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Re: Recent go changes broke alpha bootstrap


On Thu, Oct 30, 2014 at 11:11:09AM +0100, Uros Bizjak wrote:
> On Thu, Oct 30, 2014 at 8:40 AM, Uros Bizjak <ubizjak@gmail.com> wrote:
> > Recent go changes broke alpha bootstrap:
> 
> > $files/space/homedirs/uros/gcc-svn/trunk/libgo/go/os/stat_atim.go:22:29:
> > error: reference to undefined field or method âMtimâ
> >    modTime: timespecToTime(st.Mtim),
> >                              ^
> > /space/homedirs/uros/gcc-svn/trunk/libgo/go/os/stat_atim.go:60:50:
> > error: reference to undefined field or method âAtimâ
> >   return timespecToTime(fi.Sys().(*syscall.Stat_t).Atim)

Hrm, this code relies on the old way of converting unions to Go
structures which, replaced the union with its first element
converted to a Go type.  I.e. the resulting size of the Go
representation of the union was wrong.

So, there was a kind hack that allowed to address the first field
of an anonymous union as if it was a plain field of the
surrounding structure (similar to C), and existing code now relies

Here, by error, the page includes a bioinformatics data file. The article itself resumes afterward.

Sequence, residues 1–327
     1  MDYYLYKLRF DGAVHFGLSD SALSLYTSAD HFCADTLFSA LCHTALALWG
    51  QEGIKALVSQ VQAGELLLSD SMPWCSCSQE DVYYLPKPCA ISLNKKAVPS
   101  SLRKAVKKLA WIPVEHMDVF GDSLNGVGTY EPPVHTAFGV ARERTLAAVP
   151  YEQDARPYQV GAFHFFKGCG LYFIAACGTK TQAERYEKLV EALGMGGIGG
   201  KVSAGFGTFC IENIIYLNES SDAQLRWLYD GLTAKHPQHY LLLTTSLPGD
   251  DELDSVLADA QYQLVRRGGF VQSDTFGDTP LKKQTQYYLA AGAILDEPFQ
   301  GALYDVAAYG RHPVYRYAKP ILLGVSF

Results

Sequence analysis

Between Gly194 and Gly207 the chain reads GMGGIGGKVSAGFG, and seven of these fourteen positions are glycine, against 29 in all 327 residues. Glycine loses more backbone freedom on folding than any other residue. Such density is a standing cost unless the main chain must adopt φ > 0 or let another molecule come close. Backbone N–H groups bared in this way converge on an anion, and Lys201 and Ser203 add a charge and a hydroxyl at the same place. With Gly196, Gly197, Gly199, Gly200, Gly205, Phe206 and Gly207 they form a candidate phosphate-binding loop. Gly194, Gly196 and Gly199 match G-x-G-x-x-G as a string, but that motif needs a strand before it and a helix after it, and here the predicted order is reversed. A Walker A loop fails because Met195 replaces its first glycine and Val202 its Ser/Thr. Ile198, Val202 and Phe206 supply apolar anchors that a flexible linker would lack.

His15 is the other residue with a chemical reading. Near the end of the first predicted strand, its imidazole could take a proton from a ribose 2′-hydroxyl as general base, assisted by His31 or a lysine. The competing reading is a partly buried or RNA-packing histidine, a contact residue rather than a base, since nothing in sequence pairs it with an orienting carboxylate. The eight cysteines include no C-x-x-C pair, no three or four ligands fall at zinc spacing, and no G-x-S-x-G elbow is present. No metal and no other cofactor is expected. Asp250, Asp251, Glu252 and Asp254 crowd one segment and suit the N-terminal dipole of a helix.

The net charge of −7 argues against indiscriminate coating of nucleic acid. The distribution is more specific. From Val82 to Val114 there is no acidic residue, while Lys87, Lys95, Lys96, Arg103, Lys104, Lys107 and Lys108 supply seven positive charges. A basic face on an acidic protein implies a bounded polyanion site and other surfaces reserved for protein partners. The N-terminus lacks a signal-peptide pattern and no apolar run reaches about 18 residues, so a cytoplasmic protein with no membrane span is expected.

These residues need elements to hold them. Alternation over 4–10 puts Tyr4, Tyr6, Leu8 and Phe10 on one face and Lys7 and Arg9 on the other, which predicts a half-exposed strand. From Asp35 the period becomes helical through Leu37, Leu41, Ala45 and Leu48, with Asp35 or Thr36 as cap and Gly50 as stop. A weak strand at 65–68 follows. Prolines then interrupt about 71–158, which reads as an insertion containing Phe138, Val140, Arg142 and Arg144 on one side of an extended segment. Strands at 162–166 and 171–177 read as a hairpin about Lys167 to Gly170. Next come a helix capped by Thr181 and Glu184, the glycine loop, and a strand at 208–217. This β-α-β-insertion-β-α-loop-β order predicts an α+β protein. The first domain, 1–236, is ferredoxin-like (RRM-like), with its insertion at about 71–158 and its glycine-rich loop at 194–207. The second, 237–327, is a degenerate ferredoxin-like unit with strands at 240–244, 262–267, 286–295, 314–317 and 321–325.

on that.

I'm not quite sure about the best approach.  The attempt to
represent C unions in the "right" way is ultimately futile as Go
does not have the types necessary for it.  For example, the
handling of anonymous bit fields will never be right as it's
undefinied.  On the other hand I could fix the issue at hand by
changing the way anonymous unions are represented in Go.

Example:

  struct { int8_t x; union { int16_t y; int 32_t z; }; };

Was represented (before the patch) as

  struct { X byte; int16 Y; }

which had size 4, alignment 2 and y at offset 2 but should had
have size 8, alignment 4 and y at offset 4.  With the current
patch the Go layout is

  struct { X byte; artificial_name struct { y [2]byte; align [0]int32; } }

with the proper size, alignment and offset, but y is addressed as
".artificial_name.y" insted of just ".y", and y is a byte array
and not an int16.

I could remove the "artificial_name struct" and add padding before
and after y instead:

  struct { X byte; pad_0 [3]byte; Y int16; pad_1 [2]byte; align [0]int32; }

What do you think?

Ciao

Dominik ^_^  ^_^

-- 

Dominik Vogt
IBM Germany


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